Grants and Contracts Details


Inflammatory bowel diseases (IBD) that include ulcerative colitis (UC) and Crohn’s Disease (CD) present in varied degrees of severity that are challenging to assess objectively for optimal treatment. Current clinical practices for the assessments clinical IBD disease activity include several noninvasive blood, stool, radiologic and invasive endoscopic tests. However, there is uniform consensus that many of the commonly used noninvasive biomarkers achieve suboptimal sensitivity and specificity for assessing intestinal inflammation. In a recent review of the topic of variables relevant to maintenance of durable clinical remission, Colombel noted that monitoring of patients with “intent to suppress subclinical inflammation has emerged as a treatment goal”. Most importantly, multiple studies show that achievement of “clinical remission” was an inadequate predictor of long-term remission Importantly, in patients with CD 20% of patients in clinical remission still have significant endoscopic disease activity. More importantly, achieving “deep remission” (normalization of clinical, endoscopic and histologic parameters) outperforms other markers as the most reliable predictor of clinical remission. Goal: We seek to develop a novel liquid biopsy method based on circulating exosomes to distinguish moderate to severe from mild and quiescent disease activities in CD and UC compared to C diff-infected and normal controls. We posit that a liquid biopsy approach will contribute considerable clinical value for physicians who seek to accurately assess disease activity and optimize treatment strategies without invasive endoscopic testing.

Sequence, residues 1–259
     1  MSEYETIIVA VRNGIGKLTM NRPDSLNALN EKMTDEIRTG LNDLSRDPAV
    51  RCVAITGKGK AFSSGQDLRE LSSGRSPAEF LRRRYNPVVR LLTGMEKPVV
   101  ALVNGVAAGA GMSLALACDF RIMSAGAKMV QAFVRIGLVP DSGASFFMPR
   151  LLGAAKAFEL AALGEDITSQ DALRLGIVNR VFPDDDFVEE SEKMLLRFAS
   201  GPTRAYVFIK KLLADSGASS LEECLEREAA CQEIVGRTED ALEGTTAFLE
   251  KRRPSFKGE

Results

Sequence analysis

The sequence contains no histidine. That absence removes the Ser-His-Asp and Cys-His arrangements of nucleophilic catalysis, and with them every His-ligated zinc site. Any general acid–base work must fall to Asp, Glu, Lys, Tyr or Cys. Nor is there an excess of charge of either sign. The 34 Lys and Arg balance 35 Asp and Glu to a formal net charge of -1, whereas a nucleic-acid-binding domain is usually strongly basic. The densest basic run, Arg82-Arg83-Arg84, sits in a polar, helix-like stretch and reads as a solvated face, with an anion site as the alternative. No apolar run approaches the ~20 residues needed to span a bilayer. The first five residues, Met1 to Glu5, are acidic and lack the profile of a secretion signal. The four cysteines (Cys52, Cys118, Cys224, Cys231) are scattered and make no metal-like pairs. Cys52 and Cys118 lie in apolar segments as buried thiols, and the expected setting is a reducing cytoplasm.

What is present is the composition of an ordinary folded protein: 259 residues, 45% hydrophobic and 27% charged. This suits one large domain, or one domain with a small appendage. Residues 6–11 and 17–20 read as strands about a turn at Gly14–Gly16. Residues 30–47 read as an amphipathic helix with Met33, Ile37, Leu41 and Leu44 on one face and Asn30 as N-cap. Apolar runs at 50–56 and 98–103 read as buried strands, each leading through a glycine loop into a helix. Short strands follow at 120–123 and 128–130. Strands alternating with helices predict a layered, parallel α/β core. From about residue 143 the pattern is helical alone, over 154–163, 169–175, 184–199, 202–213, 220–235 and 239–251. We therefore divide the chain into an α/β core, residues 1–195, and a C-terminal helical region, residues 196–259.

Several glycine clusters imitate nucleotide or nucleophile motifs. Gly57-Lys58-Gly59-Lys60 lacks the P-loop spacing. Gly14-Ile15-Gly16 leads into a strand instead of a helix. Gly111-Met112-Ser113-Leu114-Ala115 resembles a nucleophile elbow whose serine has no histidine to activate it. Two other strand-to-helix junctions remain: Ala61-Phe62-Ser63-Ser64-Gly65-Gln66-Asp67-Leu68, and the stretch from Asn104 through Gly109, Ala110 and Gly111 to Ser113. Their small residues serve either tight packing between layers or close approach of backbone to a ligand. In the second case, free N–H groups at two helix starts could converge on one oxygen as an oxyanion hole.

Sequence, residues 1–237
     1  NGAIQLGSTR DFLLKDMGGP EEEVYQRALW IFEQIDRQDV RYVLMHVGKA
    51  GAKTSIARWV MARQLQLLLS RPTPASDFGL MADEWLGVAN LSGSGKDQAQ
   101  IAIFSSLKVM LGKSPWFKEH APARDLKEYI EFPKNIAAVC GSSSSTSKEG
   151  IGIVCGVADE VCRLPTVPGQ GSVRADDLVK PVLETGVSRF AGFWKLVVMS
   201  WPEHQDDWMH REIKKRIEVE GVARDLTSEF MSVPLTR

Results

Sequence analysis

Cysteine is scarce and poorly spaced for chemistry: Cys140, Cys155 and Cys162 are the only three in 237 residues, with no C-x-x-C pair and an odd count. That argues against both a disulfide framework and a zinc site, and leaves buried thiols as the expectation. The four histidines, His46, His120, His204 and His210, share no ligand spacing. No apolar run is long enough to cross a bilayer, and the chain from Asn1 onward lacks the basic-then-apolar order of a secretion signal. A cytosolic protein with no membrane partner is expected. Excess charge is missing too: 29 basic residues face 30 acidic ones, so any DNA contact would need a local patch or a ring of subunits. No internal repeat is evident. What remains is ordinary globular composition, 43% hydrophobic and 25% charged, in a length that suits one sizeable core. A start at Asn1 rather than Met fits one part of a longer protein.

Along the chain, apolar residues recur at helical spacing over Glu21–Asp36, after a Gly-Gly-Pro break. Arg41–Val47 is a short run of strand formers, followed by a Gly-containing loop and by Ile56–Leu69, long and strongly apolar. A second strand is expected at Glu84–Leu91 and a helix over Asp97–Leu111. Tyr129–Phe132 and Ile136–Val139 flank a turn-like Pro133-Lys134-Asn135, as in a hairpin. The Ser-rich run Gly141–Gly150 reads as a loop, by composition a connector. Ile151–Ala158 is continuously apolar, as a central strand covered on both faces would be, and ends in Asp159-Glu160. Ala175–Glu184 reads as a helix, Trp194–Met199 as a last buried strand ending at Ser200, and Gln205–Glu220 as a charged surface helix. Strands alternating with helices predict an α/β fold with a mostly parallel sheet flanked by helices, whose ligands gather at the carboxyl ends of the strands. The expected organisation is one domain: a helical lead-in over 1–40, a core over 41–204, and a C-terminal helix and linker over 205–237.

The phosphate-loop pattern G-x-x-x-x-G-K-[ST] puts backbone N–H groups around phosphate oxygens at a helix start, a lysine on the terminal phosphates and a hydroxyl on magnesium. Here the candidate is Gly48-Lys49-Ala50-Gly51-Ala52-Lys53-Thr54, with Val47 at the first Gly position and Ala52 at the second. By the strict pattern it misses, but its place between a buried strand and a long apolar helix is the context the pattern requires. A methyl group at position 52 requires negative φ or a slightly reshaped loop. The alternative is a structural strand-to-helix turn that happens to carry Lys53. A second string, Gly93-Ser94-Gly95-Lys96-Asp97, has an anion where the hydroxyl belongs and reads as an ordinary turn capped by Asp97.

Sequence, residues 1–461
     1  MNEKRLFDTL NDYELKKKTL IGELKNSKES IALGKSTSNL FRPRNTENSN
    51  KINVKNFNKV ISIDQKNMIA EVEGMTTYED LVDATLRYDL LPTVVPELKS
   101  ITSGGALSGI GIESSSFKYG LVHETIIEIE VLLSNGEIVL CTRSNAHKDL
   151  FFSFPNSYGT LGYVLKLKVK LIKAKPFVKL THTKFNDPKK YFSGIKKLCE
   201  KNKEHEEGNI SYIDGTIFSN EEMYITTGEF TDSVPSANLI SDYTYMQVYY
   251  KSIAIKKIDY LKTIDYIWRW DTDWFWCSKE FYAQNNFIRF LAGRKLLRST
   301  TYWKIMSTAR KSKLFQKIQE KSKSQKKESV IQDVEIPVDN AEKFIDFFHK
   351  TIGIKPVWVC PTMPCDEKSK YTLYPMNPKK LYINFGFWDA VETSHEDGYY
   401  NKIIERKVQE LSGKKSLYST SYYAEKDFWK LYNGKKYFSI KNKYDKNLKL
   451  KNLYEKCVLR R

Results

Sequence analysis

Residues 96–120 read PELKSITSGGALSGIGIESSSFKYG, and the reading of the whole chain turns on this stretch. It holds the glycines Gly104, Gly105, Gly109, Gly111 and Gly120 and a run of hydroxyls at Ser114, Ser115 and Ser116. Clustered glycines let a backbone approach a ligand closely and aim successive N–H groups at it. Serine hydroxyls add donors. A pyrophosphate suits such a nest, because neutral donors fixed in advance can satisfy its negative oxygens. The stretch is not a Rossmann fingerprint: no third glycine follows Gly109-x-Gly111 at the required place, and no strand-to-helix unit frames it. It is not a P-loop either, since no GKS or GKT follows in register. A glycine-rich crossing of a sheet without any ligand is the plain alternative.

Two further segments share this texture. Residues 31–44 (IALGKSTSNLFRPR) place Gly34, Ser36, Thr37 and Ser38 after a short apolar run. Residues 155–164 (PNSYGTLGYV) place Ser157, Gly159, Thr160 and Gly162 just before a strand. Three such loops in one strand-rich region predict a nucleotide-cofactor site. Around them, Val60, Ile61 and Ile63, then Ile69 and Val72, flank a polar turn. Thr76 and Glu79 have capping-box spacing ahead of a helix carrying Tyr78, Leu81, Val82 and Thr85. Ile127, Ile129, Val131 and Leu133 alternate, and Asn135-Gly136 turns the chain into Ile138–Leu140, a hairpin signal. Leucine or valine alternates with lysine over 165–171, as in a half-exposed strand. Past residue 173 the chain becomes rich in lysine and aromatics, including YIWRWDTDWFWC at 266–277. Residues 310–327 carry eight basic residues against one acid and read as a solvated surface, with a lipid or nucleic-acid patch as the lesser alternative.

Effective start/end date1/1/1912/31/20


  • Crohns and Colitis Foundation of America: $110,000.00


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